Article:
Educational Policy Borrowing in China
Looking West or looking East?
For over a decade, Mainland China has been embarking on an ambitious nation-wide education reform ('New Curriculum Reform') for its basic education. The reform reflects China’s propensity to borrow selected educational policies from elsewhere, particularly North America and Europe. Chinese scholars have used a local proverb "the West wind has overpowered the East wind" to describe this phenomenon of ‘looking West’.
But what do we mean by educational policy borrowing from the West?
- What are the educational policies in China's new curriculum reform that are perceived to be borrowed from the West?
- To what extent have the borrowed educational policies in China's new curriculum reform been accepted, modified, and rejected by the various educational stakeholders?
- How does culture influence the various educational stakeholders in China in interpreting and mediating educational policy borrowing from the West?
- How do the findings of this study on China’s education reform inform and add to the existing theories on and approaches to on cross-cultural educational policy borrowing?
This book answers the above questions by critically discussing China’s policy borrowing from the West through its current reform for primary and secondary education. It presents the latest in-depth research findings from a three-year empirical study (2013-2015) with school principals, teachers, students and other educational stakeholders across China. This study offers new insights into China’s educational policy borrowing from the West and international implications on cross-cultural educational transfer for academics, policymakers and educators.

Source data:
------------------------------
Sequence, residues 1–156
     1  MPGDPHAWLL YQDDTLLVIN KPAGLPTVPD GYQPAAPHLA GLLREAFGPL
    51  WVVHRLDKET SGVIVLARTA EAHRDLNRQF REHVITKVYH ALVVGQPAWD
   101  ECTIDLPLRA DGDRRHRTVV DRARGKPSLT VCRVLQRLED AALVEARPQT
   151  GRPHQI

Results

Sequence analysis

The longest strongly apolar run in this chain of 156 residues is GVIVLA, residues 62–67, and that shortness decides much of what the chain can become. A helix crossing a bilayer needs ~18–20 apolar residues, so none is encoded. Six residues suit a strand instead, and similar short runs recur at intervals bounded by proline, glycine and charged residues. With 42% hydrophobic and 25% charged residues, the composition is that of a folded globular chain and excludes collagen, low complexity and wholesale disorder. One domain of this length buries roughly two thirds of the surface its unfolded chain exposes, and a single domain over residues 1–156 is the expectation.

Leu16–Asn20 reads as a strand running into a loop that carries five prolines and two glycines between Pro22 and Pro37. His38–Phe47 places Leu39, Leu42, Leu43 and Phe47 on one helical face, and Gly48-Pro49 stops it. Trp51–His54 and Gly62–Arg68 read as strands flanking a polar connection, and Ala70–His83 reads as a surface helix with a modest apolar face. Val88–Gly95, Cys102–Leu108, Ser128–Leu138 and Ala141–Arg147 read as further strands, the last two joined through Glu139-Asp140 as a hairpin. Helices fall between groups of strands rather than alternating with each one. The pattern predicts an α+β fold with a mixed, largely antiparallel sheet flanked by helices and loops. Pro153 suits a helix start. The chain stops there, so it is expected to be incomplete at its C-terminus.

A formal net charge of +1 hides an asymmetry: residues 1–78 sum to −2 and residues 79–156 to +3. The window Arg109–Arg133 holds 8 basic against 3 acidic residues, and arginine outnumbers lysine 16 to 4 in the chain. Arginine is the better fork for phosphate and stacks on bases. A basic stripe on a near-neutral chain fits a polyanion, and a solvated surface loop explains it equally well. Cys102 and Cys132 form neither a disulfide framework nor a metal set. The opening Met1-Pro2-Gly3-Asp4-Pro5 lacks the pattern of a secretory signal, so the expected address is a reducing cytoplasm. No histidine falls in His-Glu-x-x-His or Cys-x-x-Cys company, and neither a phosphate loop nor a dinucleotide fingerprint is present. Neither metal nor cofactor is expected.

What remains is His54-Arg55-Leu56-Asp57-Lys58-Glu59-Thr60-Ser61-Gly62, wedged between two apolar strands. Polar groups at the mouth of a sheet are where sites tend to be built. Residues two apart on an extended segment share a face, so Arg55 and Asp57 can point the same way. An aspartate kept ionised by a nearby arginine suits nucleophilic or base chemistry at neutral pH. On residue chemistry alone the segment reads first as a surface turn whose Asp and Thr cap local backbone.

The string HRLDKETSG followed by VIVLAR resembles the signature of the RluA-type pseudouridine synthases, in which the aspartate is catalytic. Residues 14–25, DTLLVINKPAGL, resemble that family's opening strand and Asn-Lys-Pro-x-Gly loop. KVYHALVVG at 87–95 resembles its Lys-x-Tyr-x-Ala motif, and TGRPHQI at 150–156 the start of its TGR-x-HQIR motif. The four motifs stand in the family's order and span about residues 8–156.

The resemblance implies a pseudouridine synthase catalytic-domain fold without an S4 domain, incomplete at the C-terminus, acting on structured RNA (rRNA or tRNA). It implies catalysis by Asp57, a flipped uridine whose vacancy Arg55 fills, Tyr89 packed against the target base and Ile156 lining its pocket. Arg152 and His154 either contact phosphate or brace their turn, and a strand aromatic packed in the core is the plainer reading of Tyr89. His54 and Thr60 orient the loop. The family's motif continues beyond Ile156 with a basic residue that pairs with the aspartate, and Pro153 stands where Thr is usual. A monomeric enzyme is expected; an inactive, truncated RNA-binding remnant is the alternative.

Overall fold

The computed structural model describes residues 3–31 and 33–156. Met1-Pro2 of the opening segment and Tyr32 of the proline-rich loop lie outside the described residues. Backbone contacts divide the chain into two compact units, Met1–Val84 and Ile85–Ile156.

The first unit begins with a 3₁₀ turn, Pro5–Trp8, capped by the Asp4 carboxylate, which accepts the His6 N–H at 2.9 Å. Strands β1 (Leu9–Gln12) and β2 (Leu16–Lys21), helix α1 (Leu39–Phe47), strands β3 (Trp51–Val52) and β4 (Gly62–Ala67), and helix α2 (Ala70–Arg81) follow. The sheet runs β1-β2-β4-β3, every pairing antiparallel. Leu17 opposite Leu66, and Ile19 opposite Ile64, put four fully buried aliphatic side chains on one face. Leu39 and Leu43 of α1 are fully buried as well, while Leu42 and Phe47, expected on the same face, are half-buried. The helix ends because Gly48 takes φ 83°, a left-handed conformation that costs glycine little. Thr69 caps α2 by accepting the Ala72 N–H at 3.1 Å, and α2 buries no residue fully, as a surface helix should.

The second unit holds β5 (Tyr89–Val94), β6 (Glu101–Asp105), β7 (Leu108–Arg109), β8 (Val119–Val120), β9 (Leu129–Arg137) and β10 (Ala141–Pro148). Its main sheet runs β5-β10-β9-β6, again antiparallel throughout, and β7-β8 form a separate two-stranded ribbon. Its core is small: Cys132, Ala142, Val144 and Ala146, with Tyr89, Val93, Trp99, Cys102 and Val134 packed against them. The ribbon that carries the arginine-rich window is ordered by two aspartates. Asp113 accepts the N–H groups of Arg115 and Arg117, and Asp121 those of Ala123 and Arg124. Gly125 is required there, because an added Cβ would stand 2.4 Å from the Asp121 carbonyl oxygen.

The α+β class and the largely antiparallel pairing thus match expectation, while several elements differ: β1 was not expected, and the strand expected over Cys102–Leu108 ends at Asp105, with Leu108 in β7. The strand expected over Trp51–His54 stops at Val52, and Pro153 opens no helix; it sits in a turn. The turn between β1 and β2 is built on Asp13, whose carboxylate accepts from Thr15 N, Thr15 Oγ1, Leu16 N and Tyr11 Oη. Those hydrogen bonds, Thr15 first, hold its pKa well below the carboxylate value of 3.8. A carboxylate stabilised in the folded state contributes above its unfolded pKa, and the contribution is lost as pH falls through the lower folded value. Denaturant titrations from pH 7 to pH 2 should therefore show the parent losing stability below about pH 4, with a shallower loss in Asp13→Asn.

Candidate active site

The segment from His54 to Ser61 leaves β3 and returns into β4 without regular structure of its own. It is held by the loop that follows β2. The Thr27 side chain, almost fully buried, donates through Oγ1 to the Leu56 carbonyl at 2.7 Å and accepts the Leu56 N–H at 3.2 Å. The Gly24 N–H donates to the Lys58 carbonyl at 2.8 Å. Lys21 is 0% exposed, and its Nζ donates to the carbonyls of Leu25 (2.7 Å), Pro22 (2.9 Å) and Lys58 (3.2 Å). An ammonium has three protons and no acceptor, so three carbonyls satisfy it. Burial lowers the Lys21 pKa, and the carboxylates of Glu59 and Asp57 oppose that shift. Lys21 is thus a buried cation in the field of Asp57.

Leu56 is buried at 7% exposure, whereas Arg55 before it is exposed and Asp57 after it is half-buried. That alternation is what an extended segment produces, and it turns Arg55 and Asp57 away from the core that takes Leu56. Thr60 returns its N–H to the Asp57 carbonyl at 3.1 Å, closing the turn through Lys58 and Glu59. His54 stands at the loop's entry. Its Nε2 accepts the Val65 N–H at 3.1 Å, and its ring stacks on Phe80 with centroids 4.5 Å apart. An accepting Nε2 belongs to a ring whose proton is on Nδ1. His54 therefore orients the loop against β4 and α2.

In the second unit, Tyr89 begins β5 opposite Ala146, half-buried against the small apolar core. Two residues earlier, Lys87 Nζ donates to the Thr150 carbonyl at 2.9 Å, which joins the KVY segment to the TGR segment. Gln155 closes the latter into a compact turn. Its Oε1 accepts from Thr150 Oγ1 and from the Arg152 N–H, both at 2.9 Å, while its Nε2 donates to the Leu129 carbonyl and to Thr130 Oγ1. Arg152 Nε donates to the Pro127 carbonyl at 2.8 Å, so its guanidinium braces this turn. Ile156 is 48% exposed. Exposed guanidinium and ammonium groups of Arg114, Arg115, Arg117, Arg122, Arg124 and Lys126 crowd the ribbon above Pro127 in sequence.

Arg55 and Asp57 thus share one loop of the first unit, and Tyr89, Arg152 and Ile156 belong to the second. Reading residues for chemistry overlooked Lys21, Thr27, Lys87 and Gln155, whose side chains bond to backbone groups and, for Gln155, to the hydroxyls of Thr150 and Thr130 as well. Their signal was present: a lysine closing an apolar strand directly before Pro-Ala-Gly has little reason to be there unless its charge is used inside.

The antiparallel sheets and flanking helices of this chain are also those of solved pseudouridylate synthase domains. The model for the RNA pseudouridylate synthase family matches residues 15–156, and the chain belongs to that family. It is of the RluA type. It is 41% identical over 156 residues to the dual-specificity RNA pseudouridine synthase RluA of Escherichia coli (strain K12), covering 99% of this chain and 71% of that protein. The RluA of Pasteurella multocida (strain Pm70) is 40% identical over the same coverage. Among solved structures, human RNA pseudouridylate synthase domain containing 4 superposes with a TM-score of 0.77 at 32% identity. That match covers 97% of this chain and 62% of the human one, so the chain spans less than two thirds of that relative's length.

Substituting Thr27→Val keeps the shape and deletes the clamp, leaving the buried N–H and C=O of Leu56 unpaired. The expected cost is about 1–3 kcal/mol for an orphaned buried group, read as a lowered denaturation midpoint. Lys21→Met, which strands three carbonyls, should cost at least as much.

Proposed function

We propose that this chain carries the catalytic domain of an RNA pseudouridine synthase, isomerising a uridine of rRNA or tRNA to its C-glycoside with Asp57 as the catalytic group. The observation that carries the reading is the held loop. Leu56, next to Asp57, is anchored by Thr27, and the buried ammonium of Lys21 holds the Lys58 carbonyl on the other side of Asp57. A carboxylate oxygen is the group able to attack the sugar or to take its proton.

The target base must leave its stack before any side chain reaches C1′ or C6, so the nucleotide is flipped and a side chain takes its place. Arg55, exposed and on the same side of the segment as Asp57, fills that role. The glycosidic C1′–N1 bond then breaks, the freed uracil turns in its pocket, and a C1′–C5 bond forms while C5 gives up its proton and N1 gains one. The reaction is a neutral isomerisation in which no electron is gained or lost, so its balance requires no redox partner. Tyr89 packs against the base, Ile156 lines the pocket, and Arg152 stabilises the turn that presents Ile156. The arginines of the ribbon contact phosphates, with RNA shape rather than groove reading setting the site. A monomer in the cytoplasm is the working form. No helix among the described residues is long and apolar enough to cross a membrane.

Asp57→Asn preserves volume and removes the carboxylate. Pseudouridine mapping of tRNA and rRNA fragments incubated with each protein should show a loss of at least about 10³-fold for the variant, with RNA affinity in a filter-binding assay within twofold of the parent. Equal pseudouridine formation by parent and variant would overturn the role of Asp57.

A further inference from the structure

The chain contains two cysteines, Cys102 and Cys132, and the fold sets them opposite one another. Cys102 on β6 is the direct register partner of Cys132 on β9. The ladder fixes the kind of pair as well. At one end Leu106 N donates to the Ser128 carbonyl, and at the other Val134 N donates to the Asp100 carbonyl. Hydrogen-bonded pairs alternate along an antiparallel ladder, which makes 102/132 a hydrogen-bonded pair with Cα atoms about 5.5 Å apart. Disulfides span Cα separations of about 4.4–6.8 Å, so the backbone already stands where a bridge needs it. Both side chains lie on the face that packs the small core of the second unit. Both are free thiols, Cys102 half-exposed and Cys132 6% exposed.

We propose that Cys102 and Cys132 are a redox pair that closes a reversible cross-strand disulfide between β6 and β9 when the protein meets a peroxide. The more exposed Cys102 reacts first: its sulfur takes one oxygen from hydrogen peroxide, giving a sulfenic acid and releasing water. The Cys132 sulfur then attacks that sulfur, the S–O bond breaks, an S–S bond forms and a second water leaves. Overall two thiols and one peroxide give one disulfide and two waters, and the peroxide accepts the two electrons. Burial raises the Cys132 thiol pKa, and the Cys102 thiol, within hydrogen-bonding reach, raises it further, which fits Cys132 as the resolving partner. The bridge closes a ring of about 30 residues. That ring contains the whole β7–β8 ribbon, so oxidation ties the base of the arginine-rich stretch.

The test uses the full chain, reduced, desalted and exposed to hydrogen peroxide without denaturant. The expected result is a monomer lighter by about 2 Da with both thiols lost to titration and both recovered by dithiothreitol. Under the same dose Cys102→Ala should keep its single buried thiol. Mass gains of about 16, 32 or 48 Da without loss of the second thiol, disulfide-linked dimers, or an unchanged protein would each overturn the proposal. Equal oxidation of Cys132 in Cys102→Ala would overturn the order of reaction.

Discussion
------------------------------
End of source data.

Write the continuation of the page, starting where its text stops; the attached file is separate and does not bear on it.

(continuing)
Table of Contents
1. Concepts, Theories, and Models of Educational Policy Borrowing
2. Educational Policy Borrowing in China: Historical Perspectives
3. Introduction to the New Curriculum Reform in China
4. Looking West: Chinese Perceptions of the New Curriculum Reform
5. The New Curriculum Reform in the Classroom
6. Constructivism and Postmodernism for Education in China: A Critique
7. Looking East: Confucian Influences on Chinese Education
8. When East Meets West: Cultural Scripts, Indigenisation and the ‘Teacher-Directed, Student-Engaged’ Approach
9. Surprises and Paradoxes in China’s Education Reform: The Example of Dulangkou Secondary School
10. Conclusions and Implications
Charlene Tan is an associate professor at the Policy and Leadership Studies Academic Group, National Institute of Education, Nanyang Technological University. A visiting scholar at the Institute of International and Comparative Education, Beijing Normal University in 2013, she has been teaching school leaders, teachers and administrators from various parts of China since 2008.
This remarkable book contributes in multiple ways both to our understanding of current schooling and educational issues in China, and of processes of educational and cultural borrowing, a core theme in the field of Comparative Education. It is broad in scope as well as rich in empirical depth. ... I see this book as bringing an unusual depth and richness to insights into the process of educational borrowing, a core theme in the field of comparative education, also to the understanding of China’s current educational reform process. -- Professor Ruth Hayhoe, Ontario Institute for Studies in Education, University of Toronto (in Frontiers of Education, Volume 11, Issue 3)